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  Partner: UNT Libraries
 Department: Department of Mathematics
 Collection: UNT Theses and Dissertations
Continuous Combinatorics of a Lattice Graph in the Cantor Space
We present a novel theorem of Borel Combinatorics that sheds light on the types of continuous functions that can be defined on the Cantor space. We specifically consider the part X=F(2ᴳ) from the Cantor space, where the group G is the additive group of integer pairs ℤ². That is, X is the set of aperiodic {0,1} labelings of the two-dimensional infinite lattice graph. We give X the Bernoulli shift action, and this action induces a graph on X in which each connected component is again a two-dimensional lattice graph. It is folklore that no continuous (indeed, Borel) function provides a two-coloring of the graph on X, despite the fact that any finite subgraph of X is bipartite. Our main result offers a much more complete analysis of continuous functions on this space. We construct a countable collection of finite graphs, each consisting of twelve "tiles", such that for any property P (such as "two-coloring") that is locally recognizable in the proper sense, a continuous function with property P exists on X if and only if a function with a corresponding property P' exists on one of the graphs in the collection. We present the theorem, and give several applications. digital.library.unt.edu/ark:/67531/metadc849680/
The Relative Complexity of Various Classification Problems among Compact Metric Spaces
In this thesis, we discuss three main projects which are related to Polish groups and their actions on standard Borel spaces. In the first part, we show that the complexity of the classification problem of continua is Borel bireducible to a universal orbit equivalence relation induce by a Polish group on a standard Borel space. In the second part, we compare the relative complexity of various types of classification problems concerning subspaces of [0,1]^n for all natural number n. In the last chapter, we give a topological characterization theorem for the class of locally compact two-sided invariant non-Archimedean Polish groups. Using this theorem, we show the non-existence of a universal group and the existence of a surjectively universal group in the class. digital.library.unt.edu/ark:/67531/metadc849626/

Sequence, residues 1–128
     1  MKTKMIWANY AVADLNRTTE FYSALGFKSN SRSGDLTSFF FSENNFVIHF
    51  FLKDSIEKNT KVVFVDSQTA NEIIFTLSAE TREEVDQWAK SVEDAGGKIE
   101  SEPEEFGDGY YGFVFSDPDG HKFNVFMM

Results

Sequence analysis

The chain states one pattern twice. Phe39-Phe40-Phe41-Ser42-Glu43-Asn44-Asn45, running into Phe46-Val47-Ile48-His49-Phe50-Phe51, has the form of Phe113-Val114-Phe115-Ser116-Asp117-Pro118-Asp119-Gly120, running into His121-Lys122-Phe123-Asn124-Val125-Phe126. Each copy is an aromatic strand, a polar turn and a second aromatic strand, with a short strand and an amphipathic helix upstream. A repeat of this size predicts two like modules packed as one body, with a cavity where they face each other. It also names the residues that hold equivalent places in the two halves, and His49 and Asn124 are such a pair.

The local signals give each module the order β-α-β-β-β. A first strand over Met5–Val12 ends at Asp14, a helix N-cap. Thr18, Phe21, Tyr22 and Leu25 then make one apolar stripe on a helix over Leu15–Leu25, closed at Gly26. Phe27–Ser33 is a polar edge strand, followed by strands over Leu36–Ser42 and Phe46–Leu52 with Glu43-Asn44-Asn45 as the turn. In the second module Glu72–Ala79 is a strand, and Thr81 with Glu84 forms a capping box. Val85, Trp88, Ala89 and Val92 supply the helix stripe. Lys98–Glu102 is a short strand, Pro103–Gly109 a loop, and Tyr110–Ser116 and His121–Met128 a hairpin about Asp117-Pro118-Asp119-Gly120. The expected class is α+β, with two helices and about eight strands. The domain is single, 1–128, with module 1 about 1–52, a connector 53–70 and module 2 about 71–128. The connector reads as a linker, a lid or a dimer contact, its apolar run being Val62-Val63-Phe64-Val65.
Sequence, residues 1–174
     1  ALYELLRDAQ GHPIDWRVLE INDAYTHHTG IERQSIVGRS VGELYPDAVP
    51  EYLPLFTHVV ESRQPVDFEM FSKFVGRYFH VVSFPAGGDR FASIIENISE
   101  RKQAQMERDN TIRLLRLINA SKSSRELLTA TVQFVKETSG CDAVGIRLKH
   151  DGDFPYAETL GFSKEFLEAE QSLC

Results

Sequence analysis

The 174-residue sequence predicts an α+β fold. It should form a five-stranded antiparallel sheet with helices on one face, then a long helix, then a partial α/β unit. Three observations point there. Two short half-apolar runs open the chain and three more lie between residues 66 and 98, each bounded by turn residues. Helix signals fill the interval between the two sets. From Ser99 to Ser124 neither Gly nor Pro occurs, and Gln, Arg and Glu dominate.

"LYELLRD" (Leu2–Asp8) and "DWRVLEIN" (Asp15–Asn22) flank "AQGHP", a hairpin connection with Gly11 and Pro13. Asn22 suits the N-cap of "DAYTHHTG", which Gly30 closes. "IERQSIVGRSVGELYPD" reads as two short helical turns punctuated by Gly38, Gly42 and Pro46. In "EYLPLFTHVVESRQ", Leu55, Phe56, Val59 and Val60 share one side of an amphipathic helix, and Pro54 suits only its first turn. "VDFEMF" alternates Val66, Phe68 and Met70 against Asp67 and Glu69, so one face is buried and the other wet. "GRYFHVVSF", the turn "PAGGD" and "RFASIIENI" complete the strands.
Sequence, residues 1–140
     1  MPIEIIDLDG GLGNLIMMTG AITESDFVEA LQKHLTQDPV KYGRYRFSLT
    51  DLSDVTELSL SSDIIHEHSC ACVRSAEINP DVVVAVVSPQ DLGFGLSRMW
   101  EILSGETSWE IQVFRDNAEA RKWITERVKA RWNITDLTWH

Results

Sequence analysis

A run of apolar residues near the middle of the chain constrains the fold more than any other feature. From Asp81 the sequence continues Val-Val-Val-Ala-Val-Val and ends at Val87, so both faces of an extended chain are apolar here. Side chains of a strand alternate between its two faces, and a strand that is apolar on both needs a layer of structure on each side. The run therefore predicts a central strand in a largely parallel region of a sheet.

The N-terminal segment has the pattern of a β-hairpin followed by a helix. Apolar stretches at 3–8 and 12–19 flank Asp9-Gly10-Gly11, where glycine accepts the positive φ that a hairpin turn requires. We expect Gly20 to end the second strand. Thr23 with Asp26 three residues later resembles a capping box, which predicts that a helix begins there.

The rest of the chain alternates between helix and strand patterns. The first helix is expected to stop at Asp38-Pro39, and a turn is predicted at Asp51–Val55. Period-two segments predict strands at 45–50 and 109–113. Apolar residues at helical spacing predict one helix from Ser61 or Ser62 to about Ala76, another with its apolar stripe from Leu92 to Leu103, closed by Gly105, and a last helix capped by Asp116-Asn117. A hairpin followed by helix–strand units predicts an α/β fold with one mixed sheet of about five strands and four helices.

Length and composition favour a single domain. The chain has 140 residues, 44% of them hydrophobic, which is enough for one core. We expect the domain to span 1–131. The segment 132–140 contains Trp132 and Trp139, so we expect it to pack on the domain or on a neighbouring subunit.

An Exploration of the Word2vec Algorithm: Creating a Vector Representation of a Language Vocabulary that Encodes Meaning and Usage Patterns in the Vector Space Structure
This thesis is an exloration and exposition of a highly efficient shallow neural network algorithm called word2vec, which was developed by T. Mikolov et al. in order to create vector representations of a language vocabulary such that information about the meaning and usage of the vocabulary words is encoded in the vector space structure. Chapter 1 introduces natural language processing, vector representations of language vocabularies, and the word2vec algorithm. Chapter 2 reviews the basic mathematical theory of deterministic convex optimization. Chapter 3 provides background on some concepts from computer science that are used in the word2vec algorithm: Huffman trees, neural networks, and binary cross-entropy. Chapter 4 provides a detailed discussion of the word2vec algorithm itself and includes a discussion of continuous bag of words, skip-gram, hierarchical softmax, and negative sampling. Finally, Chapter 5 explores some applications of vector representations: word categorization, analogy completion, and language translation assistance. digital.library.unt.edu/ark:/67531/metadc849728/
Reduced Ideals and Periodic Sequences in Pure Cubic Fields